Tuesday 31 July 2018

Self-delusions: Persona and 3 Women

Perhaps part of why I love Persona so much is because I have always been interested in the idea of self-delusion. Ingmar Bergman’s film has many layers, and multiple meanings—the core of it is the concept of persona, the mask, the social role; persona vs the true self; individuality; the changing of masks and merging of identities, but the film is also about falseness, lies, and truth; about self-delusions and self-deceptions. Elisabet (Liv Ullmann) rejects acting; she discards the masks she has to wear as an actress, as well as the masks in life—her personae, as a wife and as a mother, by putting on another mask—the refuge of silence.  She cannot escape. But Alma (Bibi Andersson) too has her persona and self-delusions. She convinces herself that she is happy and has what she wants, only for the falseness to be stripped away in her chattering to the patient, revealing her uncertainties and unhappiness. 

Shelley Duvall in 3 Women.

Persona inspired 3 Women, a film that I like a lot more than the overrated Mulholland Drive. Like Persona, the film feels like a dream, and has a swap of identities—the 2 main characters are Mildred “Millie” Lammoreaux (Shelley Duvall) and Mildred “Pinky” Rose (Sissy Spacek). Robert Altman too tackles the subject of self-delusions, but goes further—Millie creates a persona for herself out of what she has read in women’s magazines, and perceives herself to be attractive, fashionable, and popular. She is the most deluded female character I’ve ever seen in cinema—she is always seen preparing for dates that never happen, and she never notices that others are uninterested or even laughing at her. Millie’s awkward failures make us cringe and then pity her, but should we feel bad for Millie when she herself does not realise it? 
The ironic part is that when Pinky “steals” Millie’s identity and the 2 characters switch positions, so to speak, she becomes the person that Millie sees herself as. She becomes a better Millie than the real Millie.

Monday 30 July 2018

My new 10 (+1) favourite films; 30/7/2018

Persona by Ingmar Bergman 
Citizen Kane by Orson Welles 
Nights of Cabiria by Federico Fellini 
Yojimbo & Sanjuro by Akira Kurosawa 
Sunset Boulevard by Billy Wilder
The Discreet Charm of the Bourgeoisie by Luis Buñuel
Spring, Summer, Fall, Winter... and Spring by Kim Ki-duk 
Taxi Driver by Martin Scorsese
The Godfather by Francis Ford Coppola
Casablanca by Michael Curtis 


Once in a while I make a new list of favourites to see what has changed and to keep notes over time. 
Now there have been only a few changes since last year:
Ran is replaced with Yojimbo and Sanjuro. Choosing a favourite Kurosawa is difficult. I love Ran. I love The Bad Sleep Well. I love High and Low. The Bad Sleep Well is a perfect film, and a great example to learn from about the geometry of the scene—about staging and creating a shape in the frame. But finally I chose Yojimbo and Sanjuro (for how do you separate them?) for their dynamic quality and humour, and Toshiro Mifune’s charismatic hero, over the tragic The Bad Sleep Well.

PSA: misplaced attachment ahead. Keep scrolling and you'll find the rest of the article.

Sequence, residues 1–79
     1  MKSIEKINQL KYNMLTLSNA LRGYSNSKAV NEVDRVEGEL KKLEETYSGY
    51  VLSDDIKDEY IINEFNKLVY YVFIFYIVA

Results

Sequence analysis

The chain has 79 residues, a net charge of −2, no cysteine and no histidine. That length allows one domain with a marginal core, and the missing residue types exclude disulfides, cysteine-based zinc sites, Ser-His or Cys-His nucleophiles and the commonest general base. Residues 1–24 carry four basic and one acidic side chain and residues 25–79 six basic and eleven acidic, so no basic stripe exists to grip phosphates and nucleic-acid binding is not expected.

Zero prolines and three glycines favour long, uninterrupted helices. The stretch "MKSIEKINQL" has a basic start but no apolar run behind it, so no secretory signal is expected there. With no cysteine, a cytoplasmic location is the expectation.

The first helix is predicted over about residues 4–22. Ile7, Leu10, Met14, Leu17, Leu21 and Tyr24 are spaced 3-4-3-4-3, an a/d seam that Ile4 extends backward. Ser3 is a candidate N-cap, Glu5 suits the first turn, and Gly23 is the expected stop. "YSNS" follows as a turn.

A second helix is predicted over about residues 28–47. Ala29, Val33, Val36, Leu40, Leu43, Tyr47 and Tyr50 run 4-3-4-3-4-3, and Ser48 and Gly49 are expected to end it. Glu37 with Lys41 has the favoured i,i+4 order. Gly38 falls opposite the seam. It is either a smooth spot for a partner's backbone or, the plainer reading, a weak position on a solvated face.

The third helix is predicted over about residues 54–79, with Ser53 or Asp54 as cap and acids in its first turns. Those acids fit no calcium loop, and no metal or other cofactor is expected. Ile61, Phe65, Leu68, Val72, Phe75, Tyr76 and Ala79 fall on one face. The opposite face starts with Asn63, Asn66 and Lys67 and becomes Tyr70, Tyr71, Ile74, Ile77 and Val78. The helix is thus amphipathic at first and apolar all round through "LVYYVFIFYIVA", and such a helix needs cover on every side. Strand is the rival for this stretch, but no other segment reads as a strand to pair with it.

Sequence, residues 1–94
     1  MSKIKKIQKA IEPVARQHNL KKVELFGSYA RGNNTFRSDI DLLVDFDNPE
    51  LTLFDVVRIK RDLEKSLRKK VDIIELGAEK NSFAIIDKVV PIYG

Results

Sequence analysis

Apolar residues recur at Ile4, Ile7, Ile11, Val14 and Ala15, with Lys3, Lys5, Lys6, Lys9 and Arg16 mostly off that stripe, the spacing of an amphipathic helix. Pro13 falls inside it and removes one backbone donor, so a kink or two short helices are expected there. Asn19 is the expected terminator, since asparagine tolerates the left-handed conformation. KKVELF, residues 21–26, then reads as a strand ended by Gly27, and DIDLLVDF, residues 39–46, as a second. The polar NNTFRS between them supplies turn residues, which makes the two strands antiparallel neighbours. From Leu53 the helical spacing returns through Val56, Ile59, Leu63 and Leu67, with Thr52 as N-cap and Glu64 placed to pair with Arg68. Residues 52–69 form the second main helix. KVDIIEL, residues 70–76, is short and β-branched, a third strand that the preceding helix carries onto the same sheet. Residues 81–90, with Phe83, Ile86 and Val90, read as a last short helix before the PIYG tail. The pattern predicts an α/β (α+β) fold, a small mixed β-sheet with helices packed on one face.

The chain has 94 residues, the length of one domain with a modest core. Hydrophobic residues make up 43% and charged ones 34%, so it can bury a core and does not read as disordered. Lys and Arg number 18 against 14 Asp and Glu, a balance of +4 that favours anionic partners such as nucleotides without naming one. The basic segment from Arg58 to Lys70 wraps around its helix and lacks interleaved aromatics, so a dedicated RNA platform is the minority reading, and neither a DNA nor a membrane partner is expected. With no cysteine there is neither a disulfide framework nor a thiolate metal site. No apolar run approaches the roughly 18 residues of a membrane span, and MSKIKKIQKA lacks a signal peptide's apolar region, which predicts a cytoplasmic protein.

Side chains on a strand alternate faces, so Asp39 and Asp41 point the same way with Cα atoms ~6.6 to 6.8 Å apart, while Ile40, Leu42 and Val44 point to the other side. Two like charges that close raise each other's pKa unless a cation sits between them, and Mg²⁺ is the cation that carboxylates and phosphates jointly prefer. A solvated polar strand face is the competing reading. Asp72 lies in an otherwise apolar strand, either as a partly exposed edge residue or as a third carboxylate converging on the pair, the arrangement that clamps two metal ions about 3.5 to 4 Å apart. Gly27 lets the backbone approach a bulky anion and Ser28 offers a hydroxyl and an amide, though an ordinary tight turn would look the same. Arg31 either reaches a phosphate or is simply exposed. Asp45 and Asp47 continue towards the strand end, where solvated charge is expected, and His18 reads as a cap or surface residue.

Persona and Citizen Kane, I love to the point of obsession. They are masterpieces, and I keep coming back to them for inspiration. Citizen Kane has everything you need to learn about cinema, especially in terms of blocking, cinematography, and editing; whilst Persona in particular and European art films in the 1950s-60s in general have changed my view of the possibilities of cinema and had a huge influence on me, especially with the idea of film as dream.


On this date in 2007, Ingmar Bergman passed away. 
Today is also Emily Bronte's 200th birthday. 

Monday 23 July 2018

On finishing White-Jacket

I’ve finished reading White-Jacket. What can I say? 
White-Jacket has its delights. Take this line from chapter 23: 
“The Neversink had summered out her last Christmas on the Equator; she was now destined to winter out the Fourth of July not very far from the frigid latitudes of Cape Horn.” 
In my previous post about the book, I wrote about the heat. Melville also wrote about the cold: 
“Here we lay forty-eight hours, during which the cold was intense. I wondered at the liquid sea, which refused to freeze in such a temperature. The clear, cold sky overhead looked like a steel-blue cymbal, that might ring, could you smite it. Our breath came and went like puffs' of smoke from pipe-bowls. At first there was a long gauky swell, that obliged us to furl most of the sails, and even send down t'-gallant-yards, for fear of pitching them overboard.  
[…] He who possessed the largest stock of vitality, stood the best chance to escape freezing. It was horrifying. In such weather any man could have undergone amputation with great ease, and helped take up the arteries himself.”

Such striking descriptions. 
But overall, reading White-Jacket only makes me think of Moby Dick, and how much better Moby Dick is, which is never helpful. White-Jacket should be read as journalism, as an insight into the conditions and rules of American men-of-war, as well as Melville’s thoughts and fundamental values (democracy, liberty, equality, and human dignity). In that regard, it is an interesting read. 
As a novel, there is hardly a story, and the book is full of rage. There is some humour, and now and then there is some light, but anger permeates the book, and would make it dry and unbearable if not for Melville’s prose and imagery. 
A very good book, and Melville is great, but I don’t think this is a book I’d like to read again.

Saturday 14 July 2018

14/7/1918- 14/7/2018

Today marks the 100th anniversary of Ingmar Bergman's birth, the best film director of all time.